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August 11, 1978

Angina Pectoris

Author Affiliations

Hennepin County Medical Center Minneapolis

JAMA. 1978;240(6):569. doi:10.1001/jama.1978.03290060071025

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Coronary artery bypass surgery as treatment for angina pectoris has spurred new interest in this common syndrome. Julian has assembled contributions from 13 experienced clinicians and investigators from America and Europe. The emphasis throughout is on the practical and clinical aspects of chronic coronary artery disease. The subject is covered in a logical and orderly manner, beginning with an account by Matthews of the historical background of angina pectoris that is fascinatingly and well told. We often think of coronary atherosclerosis as a 20th century disease, but it seems that a lady of Egypt by the name Teye probably had angina pectoris 3,000 years ago. Matthews also contributes an excellent chapter on the clinical diagnosis of angina pectoris.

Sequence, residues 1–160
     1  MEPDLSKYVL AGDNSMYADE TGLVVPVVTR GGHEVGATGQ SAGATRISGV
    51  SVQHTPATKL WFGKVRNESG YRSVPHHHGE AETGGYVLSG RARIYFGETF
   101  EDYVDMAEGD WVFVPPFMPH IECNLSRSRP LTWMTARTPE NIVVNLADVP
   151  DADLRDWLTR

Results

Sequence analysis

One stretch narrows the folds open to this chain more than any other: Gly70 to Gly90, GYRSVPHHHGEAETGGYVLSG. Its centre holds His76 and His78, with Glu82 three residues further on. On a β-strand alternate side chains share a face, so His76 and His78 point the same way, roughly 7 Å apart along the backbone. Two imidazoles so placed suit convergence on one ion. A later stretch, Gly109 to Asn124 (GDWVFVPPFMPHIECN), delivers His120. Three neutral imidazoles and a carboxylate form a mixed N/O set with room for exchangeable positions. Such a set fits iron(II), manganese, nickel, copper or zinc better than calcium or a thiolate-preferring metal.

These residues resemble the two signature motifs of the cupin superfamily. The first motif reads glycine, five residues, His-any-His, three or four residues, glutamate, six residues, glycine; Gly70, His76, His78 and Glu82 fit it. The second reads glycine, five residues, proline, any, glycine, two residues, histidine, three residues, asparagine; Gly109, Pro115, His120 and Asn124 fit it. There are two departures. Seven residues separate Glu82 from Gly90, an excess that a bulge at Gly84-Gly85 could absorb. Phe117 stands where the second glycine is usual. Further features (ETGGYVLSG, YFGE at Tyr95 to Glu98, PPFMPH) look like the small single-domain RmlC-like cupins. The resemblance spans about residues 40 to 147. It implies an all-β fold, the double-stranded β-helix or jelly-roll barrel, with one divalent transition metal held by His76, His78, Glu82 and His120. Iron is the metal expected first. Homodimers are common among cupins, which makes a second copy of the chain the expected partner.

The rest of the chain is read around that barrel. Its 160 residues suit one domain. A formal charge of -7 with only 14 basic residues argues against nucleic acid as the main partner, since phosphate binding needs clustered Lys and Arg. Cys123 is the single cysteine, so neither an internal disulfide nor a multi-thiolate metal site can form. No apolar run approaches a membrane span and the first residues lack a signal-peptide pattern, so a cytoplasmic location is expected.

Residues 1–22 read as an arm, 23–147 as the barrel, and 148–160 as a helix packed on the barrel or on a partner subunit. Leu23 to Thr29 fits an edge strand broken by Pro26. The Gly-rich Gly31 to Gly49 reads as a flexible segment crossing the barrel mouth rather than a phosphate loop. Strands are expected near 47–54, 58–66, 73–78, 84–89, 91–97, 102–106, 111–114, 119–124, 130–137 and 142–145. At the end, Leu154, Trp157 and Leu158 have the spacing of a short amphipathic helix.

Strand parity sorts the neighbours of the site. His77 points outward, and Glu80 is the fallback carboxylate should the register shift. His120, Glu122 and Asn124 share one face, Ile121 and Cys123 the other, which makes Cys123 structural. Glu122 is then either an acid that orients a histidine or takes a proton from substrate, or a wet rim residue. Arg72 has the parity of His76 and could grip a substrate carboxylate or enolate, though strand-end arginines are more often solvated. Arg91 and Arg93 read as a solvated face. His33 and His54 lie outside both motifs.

The chapters by Varnauskas on exercise testing, by Resnekov on myocardial perfusion, and by Friesinger on the hemodynamics of angina pectoris are as good as one will find on these topics. Excellent